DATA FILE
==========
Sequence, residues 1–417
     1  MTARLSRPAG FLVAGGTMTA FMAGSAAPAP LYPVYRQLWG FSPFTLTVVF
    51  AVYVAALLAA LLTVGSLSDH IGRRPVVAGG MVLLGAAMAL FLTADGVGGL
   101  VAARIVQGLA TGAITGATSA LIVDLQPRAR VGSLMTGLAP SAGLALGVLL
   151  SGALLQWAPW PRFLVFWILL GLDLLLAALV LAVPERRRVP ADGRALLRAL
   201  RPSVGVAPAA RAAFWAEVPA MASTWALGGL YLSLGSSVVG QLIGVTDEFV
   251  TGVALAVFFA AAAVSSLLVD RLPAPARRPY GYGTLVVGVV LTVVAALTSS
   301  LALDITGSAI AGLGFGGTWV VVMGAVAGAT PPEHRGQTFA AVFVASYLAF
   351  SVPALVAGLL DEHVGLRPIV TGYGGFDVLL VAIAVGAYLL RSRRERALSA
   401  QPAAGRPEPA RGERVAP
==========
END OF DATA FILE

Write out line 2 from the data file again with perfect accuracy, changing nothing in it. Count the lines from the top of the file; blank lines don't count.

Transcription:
     1  MTARLSRPAG FLVAGGTMTA FMAGSAAPAP LYPVYRQLWG FSPFTLTVVF